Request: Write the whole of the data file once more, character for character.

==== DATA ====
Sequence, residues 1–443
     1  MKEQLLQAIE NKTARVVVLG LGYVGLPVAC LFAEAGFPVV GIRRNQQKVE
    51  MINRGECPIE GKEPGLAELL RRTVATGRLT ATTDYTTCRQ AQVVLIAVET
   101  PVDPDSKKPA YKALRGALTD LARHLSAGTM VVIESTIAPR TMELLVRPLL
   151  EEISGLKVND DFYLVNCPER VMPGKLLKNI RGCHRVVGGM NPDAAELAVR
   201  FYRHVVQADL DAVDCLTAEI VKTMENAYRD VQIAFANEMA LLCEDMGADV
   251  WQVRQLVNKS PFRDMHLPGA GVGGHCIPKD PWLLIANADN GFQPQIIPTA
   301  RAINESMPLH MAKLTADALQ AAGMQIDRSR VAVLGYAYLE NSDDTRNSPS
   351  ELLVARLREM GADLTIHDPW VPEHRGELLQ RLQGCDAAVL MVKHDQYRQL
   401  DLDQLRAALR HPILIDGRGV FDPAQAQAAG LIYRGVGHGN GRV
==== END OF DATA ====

Sequence, residues 1–443
     1  MKEQLLQAIE NKTARVVVLG LGYVGLPVAC LFAEAGFPVV GIRRNQQKVE
    51  MINRGECPIE GKEPGLAELL RRTVATGRLT ATTDYTTCRQ AQVVLIAVET
   101  PVDPDSKKPA YKALRGALTD LARHLSAGTM VVIESTIAPR TMELLVRPLL
   151  EEISGLKVND DFYLVNCPER VMPGKLLKNI RGCHRVVGGM NPDAAELAVR
   201  FYRHVVQADL DAVDCLTAEI VKTMENAYRD VQIAFANEMA LLCEDMGADV
   251  WQVRQLVNKS PFRDMHLPGA GVGGHCIPKD PWLLIANADN GFQPQIIPTA
   301  RAINESMPLH MAKLTADALQ AAGMQIDRSR VAVLGYAYLE NSDDTRNSPS
   351  ELLVARLREM GADLTIHDPW VPEHRGELLQ RLQGCDAAVL MVKHDQYRQL
   401  DLDQLRAALR HPILIDGRGV FDPAQAQAAG LIYRGVGHGN GRV